Who We Are!: Multiculturalism, the War on Diversity, and the Growth of Colorblindness

Protest at Sather Gate
Institutional neglect of racism and injustice is the exercise of power, the kind of power that refuses to notice and refuses to speak.
Jeff Chang, ‘Who We Be: the Colorization of America', 2014

As multiculturalism became the byword for the state of California and the UC system reached a “minority-majority” demographic status just a few years into the creation of the AC curriculum, the state of California became the bellwether of “the culture wars.” By the mid-1990s, the political ideology of colorblindness, explaining racial matters as the outcome of nonracial dynamics (Eduardo Bonilla-Silva, 2017) shaped the national discourse, andattacks against demographic diversity and race-centered public policies coalesced in 1994 in Prop 187 (barring undocumented people from access to education, health care and social services), in 1996 in Prop 209 (barring affirmative action or hiring decisions, contracting decisions, or academic admission decisions based on race, ethnicity, and gender in all state programs) and in 1998 in Prop 227 (banning most forms of bilingual education and mandating English language-only instruction).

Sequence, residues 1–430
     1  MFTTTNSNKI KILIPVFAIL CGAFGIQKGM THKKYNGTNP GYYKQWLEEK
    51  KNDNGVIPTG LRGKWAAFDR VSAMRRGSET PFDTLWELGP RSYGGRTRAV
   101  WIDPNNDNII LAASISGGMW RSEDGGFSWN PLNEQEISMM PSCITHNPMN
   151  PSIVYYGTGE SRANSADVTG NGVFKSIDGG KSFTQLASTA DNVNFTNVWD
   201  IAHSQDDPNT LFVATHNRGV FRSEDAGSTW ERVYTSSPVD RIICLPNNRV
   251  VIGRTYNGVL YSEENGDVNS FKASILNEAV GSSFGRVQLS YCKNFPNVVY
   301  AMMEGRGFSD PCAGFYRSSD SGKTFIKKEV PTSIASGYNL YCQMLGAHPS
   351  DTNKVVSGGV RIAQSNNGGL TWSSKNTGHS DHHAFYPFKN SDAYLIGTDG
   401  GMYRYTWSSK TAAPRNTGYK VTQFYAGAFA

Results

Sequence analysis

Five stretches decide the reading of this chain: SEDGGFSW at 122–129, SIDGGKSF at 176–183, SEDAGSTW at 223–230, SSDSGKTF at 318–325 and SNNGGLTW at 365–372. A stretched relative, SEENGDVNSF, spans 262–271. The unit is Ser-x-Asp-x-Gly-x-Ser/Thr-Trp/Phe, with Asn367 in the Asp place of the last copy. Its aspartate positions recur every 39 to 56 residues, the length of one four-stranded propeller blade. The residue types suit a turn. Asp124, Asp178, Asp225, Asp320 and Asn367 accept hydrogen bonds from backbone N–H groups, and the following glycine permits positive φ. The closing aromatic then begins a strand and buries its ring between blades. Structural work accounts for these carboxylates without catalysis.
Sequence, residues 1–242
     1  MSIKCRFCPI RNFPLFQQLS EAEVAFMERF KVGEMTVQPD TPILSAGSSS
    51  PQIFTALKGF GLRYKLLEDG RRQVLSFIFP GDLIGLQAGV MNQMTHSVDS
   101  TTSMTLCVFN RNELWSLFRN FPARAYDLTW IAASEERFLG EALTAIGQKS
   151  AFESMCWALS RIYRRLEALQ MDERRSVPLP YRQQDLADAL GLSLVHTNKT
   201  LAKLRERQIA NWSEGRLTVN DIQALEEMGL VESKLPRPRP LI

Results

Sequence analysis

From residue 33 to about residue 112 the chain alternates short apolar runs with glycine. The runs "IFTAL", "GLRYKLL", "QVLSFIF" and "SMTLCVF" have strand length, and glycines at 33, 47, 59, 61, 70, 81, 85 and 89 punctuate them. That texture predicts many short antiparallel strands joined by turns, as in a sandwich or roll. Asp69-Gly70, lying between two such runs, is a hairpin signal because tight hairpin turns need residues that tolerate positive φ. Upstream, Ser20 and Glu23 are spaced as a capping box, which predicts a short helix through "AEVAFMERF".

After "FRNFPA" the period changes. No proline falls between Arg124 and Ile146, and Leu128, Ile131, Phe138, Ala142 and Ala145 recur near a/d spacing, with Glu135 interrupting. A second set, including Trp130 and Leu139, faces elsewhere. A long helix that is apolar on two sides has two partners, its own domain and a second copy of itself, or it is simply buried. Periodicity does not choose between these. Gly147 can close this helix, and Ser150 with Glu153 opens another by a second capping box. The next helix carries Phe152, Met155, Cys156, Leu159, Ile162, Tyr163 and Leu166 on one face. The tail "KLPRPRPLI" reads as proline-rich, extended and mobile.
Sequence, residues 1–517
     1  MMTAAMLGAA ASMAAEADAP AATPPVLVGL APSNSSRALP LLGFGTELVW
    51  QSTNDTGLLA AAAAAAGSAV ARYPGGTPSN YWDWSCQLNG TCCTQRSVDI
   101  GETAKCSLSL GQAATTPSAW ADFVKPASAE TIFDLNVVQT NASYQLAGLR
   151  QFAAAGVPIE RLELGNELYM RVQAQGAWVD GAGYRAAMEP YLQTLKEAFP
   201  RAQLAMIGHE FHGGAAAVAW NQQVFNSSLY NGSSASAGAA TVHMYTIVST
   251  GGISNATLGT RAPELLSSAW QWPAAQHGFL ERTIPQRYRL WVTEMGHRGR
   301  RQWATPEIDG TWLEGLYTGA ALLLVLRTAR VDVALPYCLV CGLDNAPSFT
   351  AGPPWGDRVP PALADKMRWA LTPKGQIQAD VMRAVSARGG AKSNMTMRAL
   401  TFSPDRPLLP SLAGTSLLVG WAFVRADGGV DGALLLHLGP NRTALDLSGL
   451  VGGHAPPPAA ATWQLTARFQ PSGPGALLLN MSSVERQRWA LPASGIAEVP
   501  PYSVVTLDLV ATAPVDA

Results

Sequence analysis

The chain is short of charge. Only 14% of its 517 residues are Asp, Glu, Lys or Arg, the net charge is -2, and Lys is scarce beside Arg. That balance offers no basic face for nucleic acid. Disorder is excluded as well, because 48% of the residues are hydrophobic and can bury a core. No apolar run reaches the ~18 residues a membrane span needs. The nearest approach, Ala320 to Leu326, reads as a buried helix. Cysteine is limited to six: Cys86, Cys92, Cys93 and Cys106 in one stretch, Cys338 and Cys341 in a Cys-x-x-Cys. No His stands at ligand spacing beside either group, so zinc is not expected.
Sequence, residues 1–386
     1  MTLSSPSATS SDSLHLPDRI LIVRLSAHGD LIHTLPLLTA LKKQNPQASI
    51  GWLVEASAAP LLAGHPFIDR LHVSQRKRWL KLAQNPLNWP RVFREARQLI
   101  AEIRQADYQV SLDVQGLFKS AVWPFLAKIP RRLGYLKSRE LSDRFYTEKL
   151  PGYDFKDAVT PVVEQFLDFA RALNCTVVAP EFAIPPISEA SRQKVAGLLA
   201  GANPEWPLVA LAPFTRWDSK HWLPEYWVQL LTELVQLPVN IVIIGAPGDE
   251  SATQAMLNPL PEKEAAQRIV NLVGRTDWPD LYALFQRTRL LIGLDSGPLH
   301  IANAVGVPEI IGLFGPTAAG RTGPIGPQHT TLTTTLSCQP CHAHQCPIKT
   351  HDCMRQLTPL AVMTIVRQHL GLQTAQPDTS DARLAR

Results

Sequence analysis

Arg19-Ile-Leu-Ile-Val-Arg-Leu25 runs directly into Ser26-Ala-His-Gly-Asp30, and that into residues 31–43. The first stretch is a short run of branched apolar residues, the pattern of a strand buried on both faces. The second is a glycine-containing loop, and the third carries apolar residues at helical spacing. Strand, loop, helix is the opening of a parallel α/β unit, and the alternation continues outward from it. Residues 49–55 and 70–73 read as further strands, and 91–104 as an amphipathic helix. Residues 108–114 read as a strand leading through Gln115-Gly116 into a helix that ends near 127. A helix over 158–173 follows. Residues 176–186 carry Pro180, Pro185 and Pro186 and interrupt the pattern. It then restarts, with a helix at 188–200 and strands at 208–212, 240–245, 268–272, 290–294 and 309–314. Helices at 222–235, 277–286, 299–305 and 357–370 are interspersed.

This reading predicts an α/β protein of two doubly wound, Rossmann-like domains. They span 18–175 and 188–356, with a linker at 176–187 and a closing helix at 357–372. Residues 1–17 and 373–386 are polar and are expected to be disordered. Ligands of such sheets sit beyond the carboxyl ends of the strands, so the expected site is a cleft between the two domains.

When the University of California Board of Regents voted to ban affirmative action on July 20th, 1995 (the vote became the precursor to Proposition 209), a new wave of activists rose up to fight this blatant display of partisan politics.
Professor Ula Taylor, Proposition 209 and the Affirmative Action Debate on the University of California Campuses, Feminist Studies, Spring 1999

Public schools became the principal targets of attacks with court cases leveled at higher education policies, especially admissions to public universities. Prop 209 dramatically shifted enrollment profiles in the UC system and in 1998 the first class assembled under the new ban, only 191 Black students were admitted (compared to 562 in 1997) and 600 Latina/Chicana students (compared to 1,266 in 1997). The AC curriculum weathered the war on diversity, and rebounding from the attacks, there was determined resistance on campus and the first Division of Equity and Inclusion was created. With it a number of campus-wide initiatives, including the American Cultures Engaged Scholarship (ACES) program were designed, leading to campus engagement with antiracism and inclusion initiatives in the diverse communities of the Bay Area.

ACES doesn’t work to completely dismantle, but at least erodes, the wall that gets created between this ivory tower — the university — and the community. I think the university doesn’t know how to handle this type of radical academic work that is bringing the community in. … We’ve been beating this drum about how cool ACES is for at least four years.
Austin Pritzkat, ACES Fellow, UC Berkeley, 2015

A partnership of the Public Service Center and the AC Center, ACES fosters the creation of community-university partnerships with local organizations. Supporting faculty and community partners in forming their co-constructed projects, students have the opportunity not only to deepen and apply their AC classroom learning but often to bridge the gap between campus and their own lives and knowledge in communities they call home.

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